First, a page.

Use of chemical weapons `unacceptable`: UK security body
Britain`s National Security Council on Wednesday said the use of chemical weapons by President Bashar al-Assad`s regime was "unacceptable", strengthening the government`s hand for possible military intervention in Syria.
London: Britain`s National Security Council (NSC) on Wednesday said the use of chemical weapons by President Bashar al-Assad`s regime was "unacceptable", strengthening the government`s hand for possible military intervention in Syria.
The NSC, which includes Defence Secretary Philip Hammond, Home Secretary Theresa May, Deputy Prime Minister Nick Clegg, and military and intelligence chiefs, further said "the world cannot stand by".
Prime Minister David Cameron tweeted the decision after an emergency meeting of the NSC that lasted over an hour. The body meets weekly to discuss national security matters.
The government earlier decided to put forward a resolution to the UN Security Council for "authorising necessary measures to protect civilians" in Syria.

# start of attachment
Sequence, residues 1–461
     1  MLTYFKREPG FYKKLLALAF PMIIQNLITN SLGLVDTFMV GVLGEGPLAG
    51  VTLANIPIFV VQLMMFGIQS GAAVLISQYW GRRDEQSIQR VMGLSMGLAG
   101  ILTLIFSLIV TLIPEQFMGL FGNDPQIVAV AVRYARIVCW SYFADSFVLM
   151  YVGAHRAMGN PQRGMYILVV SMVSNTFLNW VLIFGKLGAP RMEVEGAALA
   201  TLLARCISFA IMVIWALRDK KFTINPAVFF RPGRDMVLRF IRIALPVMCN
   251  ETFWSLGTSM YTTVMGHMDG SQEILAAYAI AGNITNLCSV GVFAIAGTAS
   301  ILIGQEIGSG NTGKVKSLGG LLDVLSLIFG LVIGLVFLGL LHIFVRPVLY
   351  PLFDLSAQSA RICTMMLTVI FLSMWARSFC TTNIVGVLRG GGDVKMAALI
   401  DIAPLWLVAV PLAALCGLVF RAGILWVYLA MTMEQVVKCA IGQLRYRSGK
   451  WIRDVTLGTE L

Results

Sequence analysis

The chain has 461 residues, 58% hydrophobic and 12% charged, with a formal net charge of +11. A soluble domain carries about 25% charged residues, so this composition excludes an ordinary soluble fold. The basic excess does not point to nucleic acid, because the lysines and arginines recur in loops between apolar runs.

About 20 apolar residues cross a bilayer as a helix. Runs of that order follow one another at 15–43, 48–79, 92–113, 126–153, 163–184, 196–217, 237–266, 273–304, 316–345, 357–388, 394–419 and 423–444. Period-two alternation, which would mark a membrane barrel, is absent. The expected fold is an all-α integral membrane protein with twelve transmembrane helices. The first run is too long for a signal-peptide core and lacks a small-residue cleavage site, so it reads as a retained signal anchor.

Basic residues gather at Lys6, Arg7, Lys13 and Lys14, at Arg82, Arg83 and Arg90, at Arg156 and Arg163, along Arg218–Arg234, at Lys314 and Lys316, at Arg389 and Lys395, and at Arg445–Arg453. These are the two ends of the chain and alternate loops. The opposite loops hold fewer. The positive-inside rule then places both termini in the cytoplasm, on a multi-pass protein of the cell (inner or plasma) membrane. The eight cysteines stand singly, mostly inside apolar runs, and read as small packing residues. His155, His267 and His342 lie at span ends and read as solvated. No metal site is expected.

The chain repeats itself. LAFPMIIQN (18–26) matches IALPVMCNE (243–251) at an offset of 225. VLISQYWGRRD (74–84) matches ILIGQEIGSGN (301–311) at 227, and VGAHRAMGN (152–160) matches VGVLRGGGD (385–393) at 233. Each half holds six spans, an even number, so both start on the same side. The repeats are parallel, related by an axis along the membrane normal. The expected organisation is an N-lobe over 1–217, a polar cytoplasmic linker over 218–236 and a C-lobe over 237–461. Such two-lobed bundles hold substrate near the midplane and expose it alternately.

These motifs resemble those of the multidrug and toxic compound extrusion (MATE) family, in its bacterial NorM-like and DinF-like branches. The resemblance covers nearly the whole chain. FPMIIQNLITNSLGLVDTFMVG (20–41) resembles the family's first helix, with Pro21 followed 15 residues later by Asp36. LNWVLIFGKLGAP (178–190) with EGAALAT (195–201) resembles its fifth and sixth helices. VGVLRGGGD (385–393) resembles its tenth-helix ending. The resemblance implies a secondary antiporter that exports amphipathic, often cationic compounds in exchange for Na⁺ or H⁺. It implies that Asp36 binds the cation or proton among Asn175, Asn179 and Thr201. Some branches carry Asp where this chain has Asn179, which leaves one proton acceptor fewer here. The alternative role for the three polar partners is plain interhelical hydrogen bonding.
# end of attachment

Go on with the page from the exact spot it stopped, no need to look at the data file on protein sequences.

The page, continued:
The resolution will be presented at a meeting of the five permanent members of the Council, Cameron said in an earlier tweet.
Russia and China vetoed earlier resolutions critical of Syria and may block any text deemed to approve military action.
A statement from 10 Downing Street said Britain would seek a measure "authorising necessary measures to protect civilians" in Syria under Chapter 7 of the UN Charter.
Military force is one of the options that can be authorised under that section.
Earlier, Cameron spoke to US President Barack Obama on phone as the two countries considered military intervention in Syria.
The Syrian government has blamed opposition fighters for an alleged chemical attack near Damascus on August 21, in which hundreds of people were reportedly killed.
The phone call between Obama and Cameron was the second since the alleged attack.
Downing Street said Cameron heard the "latest on US thinking" on the issue, ahead of a House of Commons vote scheduled for Thursday.
"No decision has yet been taken. Any action we take or others take would have to be legal, would have to be proportionate," Cameron said.
"It would have to be specifically to deter and degrade the future use of chemical weapons," he said in an interview.
Cameron said the question the world community needs "to ask is whether acting or not acting will make the use of chemical weapons more prevalent."
The UK government is expected to publish the House of Commons motion for debate today, along with details of intelligence linking the Syrian government to the attack.
The US has said its forces are "ready to go" but former UK military chiefs warned a one-off missile strike could see the UK dragged into deeper action.